Malaysia tightens rules on foreign ships for fear of COVID-19

VNA
The Malaysian Government has decided not to allow any foreign vessel that refuses to share essential information required by local authorities to dock in the country.

Health workers of Malaysia receive the country's citizens repatriated from China's Wuhan city, the epicentre of the COVID-19 epidemic, at Kuala Lumpur International Airport on February 4 (Photo: AFP/VNA)

Health workers of Malaysia receive the country's citizens repatriated from China's Wuhan city, the epicentre of the COVID-19 epidemic, at Kuala Lumpur International Airport on February 4 (Photo: AFP/VNA)

The decision was made in light of the outbreak of the acute respiratory disease caused by the 2019 novel coronavirus (COVID-19) worldwide, Malaysian Deputy Prime Minister Dr Wan Azizah Wan Ismail told reporters on February 14 after chairing a meeting of the Disaster Management High Level Committee.
She noted that the country’s Immigration Department had received requests from two cruise ships, namely the MS Westerdam and Sapphire Princess, to dock in Malaysia.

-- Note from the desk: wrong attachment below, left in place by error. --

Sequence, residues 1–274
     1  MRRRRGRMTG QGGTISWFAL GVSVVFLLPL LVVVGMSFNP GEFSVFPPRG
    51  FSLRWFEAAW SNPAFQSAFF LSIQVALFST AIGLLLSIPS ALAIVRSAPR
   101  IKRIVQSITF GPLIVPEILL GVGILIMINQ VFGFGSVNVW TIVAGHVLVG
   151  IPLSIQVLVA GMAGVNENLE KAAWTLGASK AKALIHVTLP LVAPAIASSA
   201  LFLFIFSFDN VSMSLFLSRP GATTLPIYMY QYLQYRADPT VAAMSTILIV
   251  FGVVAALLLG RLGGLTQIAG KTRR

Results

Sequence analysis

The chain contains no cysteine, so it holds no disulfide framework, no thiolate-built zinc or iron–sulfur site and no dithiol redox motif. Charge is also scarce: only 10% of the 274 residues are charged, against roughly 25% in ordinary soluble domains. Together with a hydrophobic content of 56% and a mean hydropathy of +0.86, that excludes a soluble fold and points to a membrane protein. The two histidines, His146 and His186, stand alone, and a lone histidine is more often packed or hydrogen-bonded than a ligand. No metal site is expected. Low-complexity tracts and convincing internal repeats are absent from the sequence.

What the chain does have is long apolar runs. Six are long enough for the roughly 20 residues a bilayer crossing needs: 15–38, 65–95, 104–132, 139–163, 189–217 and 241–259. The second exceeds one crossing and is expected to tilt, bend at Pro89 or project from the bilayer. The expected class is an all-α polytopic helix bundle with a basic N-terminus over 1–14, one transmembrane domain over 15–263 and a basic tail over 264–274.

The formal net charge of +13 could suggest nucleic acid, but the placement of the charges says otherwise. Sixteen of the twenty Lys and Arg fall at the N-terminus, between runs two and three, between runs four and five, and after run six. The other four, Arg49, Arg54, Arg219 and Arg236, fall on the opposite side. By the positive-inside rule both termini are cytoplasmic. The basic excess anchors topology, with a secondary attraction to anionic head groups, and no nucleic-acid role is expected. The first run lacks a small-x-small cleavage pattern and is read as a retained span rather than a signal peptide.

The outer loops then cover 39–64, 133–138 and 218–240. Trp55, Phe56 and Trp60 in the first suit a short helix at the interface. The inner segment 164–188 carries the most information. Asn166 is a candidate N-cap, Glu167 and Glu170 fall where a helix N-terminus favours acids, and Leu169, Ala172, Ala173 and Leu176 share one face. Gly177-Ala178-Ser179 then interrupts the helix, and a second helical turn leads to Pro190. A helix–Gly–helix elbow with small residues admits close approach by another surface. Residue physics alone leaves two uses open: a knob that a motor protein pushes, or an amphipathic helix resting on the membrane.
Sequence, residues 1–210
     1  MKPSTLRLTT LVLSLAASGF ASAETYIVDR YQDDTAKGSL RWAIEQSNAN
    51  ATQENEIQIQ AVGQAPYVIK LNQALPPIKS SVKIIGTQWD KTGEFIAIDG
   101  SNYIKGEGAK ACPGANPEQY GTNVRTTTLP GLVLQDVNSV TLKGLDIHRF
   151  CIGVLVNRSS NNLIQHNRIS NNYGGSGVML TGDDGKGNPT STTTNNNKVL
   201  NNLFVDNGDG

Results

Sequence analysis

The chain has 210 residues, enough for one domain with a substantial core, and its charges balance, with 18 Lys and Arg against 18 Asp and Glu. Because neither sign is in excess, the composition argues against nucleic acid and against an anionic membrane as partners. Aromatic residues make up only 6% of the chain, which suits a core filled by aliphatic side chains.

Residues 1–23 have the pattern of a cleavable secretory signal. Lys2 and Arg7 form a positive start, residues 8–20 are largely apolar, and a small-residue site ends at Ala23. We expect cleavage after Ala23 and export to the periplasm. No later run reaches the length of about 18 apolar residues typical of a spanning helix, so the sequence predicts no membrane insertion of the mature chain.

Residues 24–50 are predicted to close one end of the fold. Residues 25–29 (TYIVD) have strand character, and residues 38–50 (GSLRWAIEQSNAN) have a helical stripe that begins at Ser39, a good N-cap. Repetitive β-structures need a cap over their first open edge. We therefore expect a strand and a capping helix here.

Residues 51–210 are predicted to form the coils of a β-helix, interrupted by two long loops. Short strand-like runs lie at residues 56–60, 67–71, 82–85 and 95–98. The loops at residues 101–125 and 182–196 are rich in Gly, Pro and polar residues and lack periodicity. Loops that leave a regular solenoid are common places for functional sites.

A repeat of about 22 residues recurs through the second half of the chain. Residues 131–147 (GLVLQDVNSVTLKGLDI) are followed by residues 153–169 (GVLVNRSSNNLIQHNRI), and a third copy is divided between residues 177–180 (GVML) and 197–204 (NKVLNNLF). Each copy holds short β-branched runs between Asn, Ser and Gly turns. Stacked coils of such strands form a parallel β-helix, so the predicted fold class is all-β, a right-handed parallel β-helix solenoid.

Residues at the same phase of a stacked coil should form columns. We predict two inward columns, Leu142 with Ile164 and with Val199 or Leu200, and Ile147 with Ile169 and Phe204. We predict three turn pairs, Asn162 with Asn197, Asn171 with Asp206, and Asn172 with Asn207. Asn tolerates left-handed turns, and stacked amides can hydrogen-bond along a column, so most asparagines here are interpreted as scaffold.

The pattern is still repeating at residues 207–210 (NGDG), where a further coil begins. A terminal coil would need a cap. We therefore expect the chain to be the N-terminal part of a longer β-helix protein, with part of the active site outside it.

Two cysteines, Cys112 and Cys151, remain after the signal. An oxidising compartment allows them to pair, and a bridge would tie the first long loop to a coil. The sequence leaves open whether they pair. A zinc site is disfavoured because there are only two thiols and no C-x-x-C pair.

The Westerdam with the capacity of about 1,000 passengers left Hong Kong (China) on February 1 and had initially intended to dock in Malaysia. It then received permission from Cambodia to berth on February 13. Meanwhile, Sapphire Princess has safely docked in Singapore.
Fears over cruise ships carrying the novel coronavirus emerged after the Diamond Princess, now under quarantine in the port of Yokohama of Japan, had more than 200 passengers tested positive for the virus that causes COVID-19.
Malaysia on February 15 confirmed two new COVID-19 cases, raising the number of infected people in the country to 21.

Other news